DBAN doesn’t support USB-to-ATAPI connections, only direct bus connections like PATA (i.e. IDE), SATA or SCSCI.

          Have you looked at CCleaner‘s Disk Wiper?

          1. Run CCleaner as Administrator.
          2. Click on Tools in the left-hand pane.
          3. Using the Wipe dropdown, change this to Entire drive.
          4. Using the Security dropdown, select the number of overwrites. (I suggest 3. See this article for more info, including a list of disk wipe utils.)
          5. In the Drives list, select the USB drive so the Wipe button becomes active.
          6. Click on the Wipe button.

          46997-ccleaner-disk-wipe
          Click to enlarge

          7. Type erase (it’s not case-sensitive) to activate the OK button on the confirmation dialog that appears:

          46998-ccleaner-disk-wipe-confirm
          Click to enlarge

          8. Click on the OK button and sit back. Be aware that the process is painfully slow…

          Hope this helps…

          Attachments:
          • #1594278 Reply

            WSLaurieN
            AskWoody Lounger

            Hi, Rick. Like I said in my first post, I used ccleaner but it didn’t clear all of the drive, even though I chose 7 passes.

    • #1593423 Reply

      WSSudo
      AskWoody Lounger

      If the disk is just being given to the average user then a format would suffice – it isn’t as if someone is going to want to look through your dust bin.

    • #1593464 Reply

      Paul T
      AskWoody MVP

      I usually delete any partitions and then create a new one and format.
      DBAN is for those who want to go mad.

      cheers, Paul

    • #1593474 Reply

      WSRolandJS
      AskWoody Plus

      Did you earlier give each hard-drive and each partition [existing anywhere] a unique name? That way, regardless of usb or dvd or whatever boot, even as the drive letters are shuffled, you will be sure you’re aiming a wipe utility at the proper item.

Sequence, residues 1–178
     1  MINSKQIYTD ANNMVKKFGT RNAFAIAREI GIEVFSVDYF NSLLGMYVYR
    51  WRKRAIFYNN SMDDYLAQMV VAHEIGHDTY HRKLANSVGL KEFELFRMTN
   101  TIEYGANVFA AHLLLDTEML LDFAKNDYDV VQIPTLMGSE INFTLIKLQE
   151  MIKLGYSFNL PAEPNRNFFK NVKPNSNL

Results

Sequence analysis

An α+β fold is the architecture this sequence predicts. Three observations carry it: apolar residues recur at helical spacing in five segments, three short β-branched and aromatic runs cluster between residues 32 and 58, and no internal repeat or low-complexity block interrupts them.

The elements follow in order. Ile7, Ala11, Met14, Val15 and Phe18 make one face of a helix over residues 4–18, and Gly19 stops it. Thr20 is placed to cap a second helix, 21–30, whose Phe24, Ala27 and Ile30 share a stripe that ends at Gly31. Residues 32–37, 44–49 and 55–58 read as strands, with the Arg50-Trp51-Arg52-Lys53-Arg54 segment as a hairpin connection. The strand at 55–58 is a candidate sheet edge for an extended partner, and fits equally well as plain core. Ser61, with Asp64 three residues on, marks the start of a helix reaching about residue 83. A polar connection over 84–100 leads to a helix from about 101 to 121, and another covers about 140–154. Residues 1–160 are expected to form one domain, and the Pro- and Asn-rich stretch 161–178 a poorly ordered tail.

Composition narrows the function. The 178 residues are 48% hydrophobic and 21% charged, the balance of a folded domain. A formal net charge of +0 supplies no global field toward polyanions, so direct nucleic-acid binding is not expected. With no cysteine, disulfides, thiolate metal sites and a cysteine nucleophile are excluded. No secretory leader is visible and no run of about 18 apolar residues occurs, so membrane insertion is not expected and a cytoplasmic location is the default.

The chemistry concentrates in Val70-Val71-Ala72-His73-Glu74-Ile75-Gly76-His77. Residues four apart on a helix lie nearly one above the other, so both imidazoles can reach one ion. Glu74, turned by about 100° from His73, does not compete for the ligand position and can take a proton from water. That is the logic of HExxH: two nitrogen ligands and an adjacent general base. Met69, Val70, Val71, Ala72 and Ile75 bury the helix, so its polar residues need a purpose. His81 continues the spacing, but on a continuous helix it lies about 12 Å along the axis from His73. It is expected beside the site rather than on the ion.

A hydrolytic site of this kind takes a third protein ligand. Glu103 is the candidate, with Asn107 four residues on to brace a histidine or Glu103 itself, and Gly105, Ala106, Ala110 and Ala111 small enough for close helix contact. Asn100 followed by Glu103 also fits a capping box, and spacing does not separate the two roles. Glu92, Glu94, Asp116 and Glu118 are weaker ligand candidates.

• #1593536 Reply

        WSLaurieN
        AskWoody Lounger

        Roland, I did give the external hard drives and each partition a unique name, so I don’t think I’ll have any trouble using DBAN. Thanks.

    • #1593952 Reply

      Paul T
      AskWoody MVP

      An external USB drive is a hard drive – unless it’s an SSD, in which case you should never use a disk wipe program. Use the drive manufacturers erase utility.

      cheers, Paul

      • #1594277 Reply

        WSLaurieN
        AskWoody Lounger

        Thanks for the clarification, Paul. I knew an external USB drive is a hard drive, but on the DBAN site it looked like it was considering it as NOT a hard drive. It was confusing.

    • #1594005 Reply

      mledman
      AskWoody Plus

      Fred Langa has an interesting Windows Secrets Newsletter article Rethinking the process of hard-drive sanitizing Issue 354 • 2012-09-13. The essence being first encrypt then wipe the drive (thumb, SSD, or magnetic) to make the data truly unrecoverable.

      Mark

      • #1594279 Reply

        WSLaurieN
        AskWoody Lounger

        I finally was able to wipe the USB drive by using MiniTool Partition Wizard. Sudo, you were right. After I wasted so many hours trying to wipe the drive, I realized I could have just formatted it. But I didn’t notice your post until it was too late.

        Anyway, thanks, everyone, for your suggestions.